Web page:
InterNACHI’s ultimate home maintenance manual is free to all home buyers who use the services of Southampton Home Inspections. InterNACHI is the foremost home inspection certification organization and, as a member, SHI is grateful for the opportunity to offer this helpful free book with every home inspection. The book, Now That You’ve Had A Home Inspection, is available in English and Spanish (libro gratis con inspección de la vivienda en español). This link offers a short video description of the book. Call SHI today for your inspection: 631 377 2046.

Tags: free book with every home inspection, free home inspection book, free home maintenance book, home inspector free book, best home maintenance book, Hamptons inspector free book, libro gratis con inspección de la casa, español habla inspector de viviendas

May 28

Should Brokers and Agents Recommend Home Inspectors?

There are a number of questions regarding the recommendation of home inspectors by agents and brokers. Is it a good idea? Are there any preferred methods? Are there any concerns? Certified by the International Association of Certified Home Inspectors

First, it can be considered a valuable time-saving service to provide the name of a home inspector or a list of local licensed home inspectors. Real estate professionals basically earn their fee by helping their clients, so this can be seen as a helpful plus. A key to business growth is to never stop improving. Supplying some references of local home inspectors is a positive feature.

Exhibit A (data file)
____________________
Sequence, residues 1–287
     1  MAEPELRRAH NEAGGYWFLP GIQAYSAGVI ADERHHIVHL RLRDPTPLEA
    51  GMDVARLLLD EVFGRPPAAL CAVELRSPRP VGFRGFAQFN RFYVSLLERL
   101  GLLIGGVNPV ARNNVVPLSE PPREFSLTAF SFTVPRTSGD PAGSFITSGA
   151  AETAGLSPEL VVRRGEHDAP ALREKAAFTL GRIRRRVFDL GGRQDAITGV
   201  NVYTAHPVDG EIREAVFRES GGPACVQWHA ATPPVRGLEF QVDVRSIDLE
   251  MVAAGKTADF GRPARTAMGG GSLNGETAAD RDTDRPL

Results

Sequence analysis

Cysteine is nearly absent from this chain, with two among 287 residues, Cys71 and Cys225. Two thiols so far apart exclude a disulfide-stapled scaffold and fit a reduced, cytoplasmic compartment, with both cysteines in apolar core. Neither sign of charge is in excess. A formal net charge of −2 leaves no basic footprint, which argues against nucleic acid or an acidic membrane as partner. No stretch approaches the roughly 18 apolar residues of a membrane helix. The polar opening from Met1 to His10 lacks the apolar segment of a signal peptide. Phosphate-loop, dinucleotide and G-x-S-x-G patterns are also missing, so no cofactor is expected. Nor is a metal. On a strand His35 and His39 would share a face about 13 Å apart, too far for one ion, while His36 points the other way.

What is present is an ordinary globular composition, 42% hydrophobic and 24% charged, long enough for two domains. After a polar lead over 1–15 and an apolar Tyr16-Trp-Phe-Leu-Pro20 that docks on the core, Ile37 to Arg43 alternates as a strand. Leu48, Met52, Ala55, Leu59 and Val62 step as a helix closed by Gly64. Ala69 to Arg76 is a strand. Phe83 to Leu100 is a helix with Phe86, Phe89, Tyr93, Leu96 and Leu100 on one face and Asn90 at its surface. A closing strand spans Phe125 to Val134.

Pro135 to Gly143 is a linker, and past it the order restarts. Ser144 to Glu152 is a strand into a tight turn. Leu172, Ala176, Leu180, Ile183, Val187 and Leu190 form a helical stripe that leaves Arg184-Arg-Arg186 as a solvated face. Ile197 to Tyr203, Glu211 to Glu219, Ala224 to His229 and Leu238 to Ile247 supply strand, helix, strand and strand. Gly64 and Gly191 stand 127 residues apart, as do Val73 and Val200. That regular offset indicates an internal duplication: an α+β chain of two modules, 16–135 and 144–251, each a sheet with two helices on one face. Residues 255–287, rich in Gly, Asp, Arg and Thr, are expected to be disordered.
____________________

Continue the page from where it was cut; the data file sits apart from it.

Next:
Second, there are a few methods for recommending home inspectors. One Southampton real estate agency offers an online list of local home inspectors to choose from. Another agency chooses to recommend one home inspector. And yet another chooses to print out and hand a list to clients.

Third, there can be some underlying concerns when it comes to recommending just one home inspector. The home buyer may be wondering, “Should I use a home inspector that has been recommended to me by a broker or agent?” The underlying issue relates to the objectivity of the inspector and the report. There are plenty of brokers and agents who regularly recommend one home inspector and there is nothing unethical about this if the report is objective. However, some clients may feel more confident if they are presented with a list of recommended licensed and insured home inspectors to choose from.  This option may be presented to a client. Some clients prefer to find their own home inspector on the Internet.